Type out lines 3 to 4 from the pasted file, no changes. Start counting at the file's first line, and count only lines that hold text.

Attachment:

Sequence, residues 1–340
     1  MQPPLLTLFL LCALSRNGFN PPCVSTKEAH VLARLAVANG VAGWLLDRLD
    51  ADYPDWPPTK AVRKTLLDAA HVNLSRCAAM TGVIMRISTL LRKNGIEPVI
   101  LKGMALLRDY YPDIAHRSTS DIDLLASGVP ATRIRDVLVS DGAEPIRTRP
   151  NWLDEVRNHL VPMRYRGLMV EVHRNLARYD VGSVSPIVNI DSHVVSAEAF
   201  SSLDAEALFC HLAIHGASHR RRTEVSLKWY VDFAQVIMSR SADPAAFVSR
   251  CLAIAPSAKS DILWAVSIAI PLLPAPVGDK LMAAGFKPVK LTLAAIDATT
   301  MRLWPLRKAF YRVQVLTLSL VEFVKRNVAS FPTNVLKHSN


    51  ADYPDWPPTK AVRKTLLDAA HVNLSRCAAM TGVIMRISTL LRKNGIEPVI
   101  LKGMALLRDY YPDIAHRSTS DIDLLASGVP ATRIRDVLVS DGAEPIRTRP